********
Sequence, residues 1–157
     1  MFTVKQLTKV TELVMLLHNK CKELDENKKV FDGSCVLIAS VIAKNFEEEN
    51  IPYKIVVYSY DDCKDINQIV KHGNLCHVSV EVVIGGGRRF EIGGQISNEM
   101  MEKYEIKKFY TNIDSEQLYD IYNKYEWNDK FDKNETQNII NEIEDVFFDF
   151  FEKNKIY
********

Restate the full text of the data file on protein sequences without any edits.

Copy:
Sequence, residues 1–157
     1  MFTVKQLTKV TELVMLLHNK CKELDENKKV FDGSCVLIAS VIAKNFEEEN
    51  IPYKIVVYSY DDCKDINQIV KHGNLCHVSV EVVIGGGRRF EIGGQISNEM
   101  MEKYEIKKFY TNIDSEQLYD IYNKYEWNDK FDKNETQNII NEIEDVFFDF
   151  FEKNKIY